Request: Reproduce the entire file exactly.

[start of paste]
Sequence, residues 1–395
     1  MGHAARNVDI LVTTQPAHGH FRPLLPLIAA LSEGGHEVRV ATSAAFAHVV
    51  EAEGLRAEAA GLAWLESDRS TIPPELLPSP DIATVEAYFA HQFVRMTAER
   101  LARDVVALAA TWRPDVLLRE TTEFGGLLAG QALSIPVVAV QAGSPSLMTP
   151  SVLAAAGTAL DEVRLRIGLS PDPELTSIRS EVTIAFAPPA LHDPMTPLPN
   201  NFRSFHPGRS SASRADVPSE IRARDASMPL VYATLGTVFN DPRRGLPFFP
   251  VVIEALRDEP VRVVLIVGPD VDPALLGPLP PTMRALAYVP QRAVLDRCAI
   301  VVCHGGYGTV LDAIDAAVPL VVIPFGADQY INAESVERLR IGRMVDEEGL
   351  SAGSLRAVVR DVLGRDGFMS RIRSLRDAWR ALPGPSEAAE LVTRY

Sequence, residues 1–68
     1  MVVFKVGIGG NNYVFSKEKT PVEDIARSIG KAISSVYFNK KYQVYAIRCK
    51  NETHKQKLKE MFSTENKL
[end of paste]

Sequence, residues 1–395
     1  MGHAARNVDI LVTTQPAHGH FRPLLPLIAA LSEGGHEVRV ATSAAFAHVV
    51  EAEGLRAEAA GLAWLESDRS TIPPELLPSP DIATVEAYFA HQFVRMTAER
   101  LARDVVALAA TWRPDVLLRE TTEFGGLLAG QALSIPVVAV QAGSPSLMTP
   151  SVLAAAGTAL DEVRLRIGLS PDPELTSIRS EVTIAFAPPA LHDPMTPLPN
   201  NFRSFHPGRS SASRADVPSE IRARDASMPL VYATLGTVFN DPRRGLPFFP
   251  VVIEALRDEP VRVVLIVGPD VDPALLGPLP PTMRALAYVP QRAVLDRCAI
   301  VVCHGGYGTV LDAIDAAVPL VVIPFGADQY INAESVERLR IGRMVDEEGL
   351  SAGSLRAVVR DVLGRDGFMS RIRSLRDAWR ALPGPSEAAE LVTRY

Sequence, residues 1–68
     1  MVVFKVGIGG NNYVFSKEKT PVEDIARSIG KAISSVYFNK KYQVYAIRCK
    51  NETHKQKLKE MFSTENKL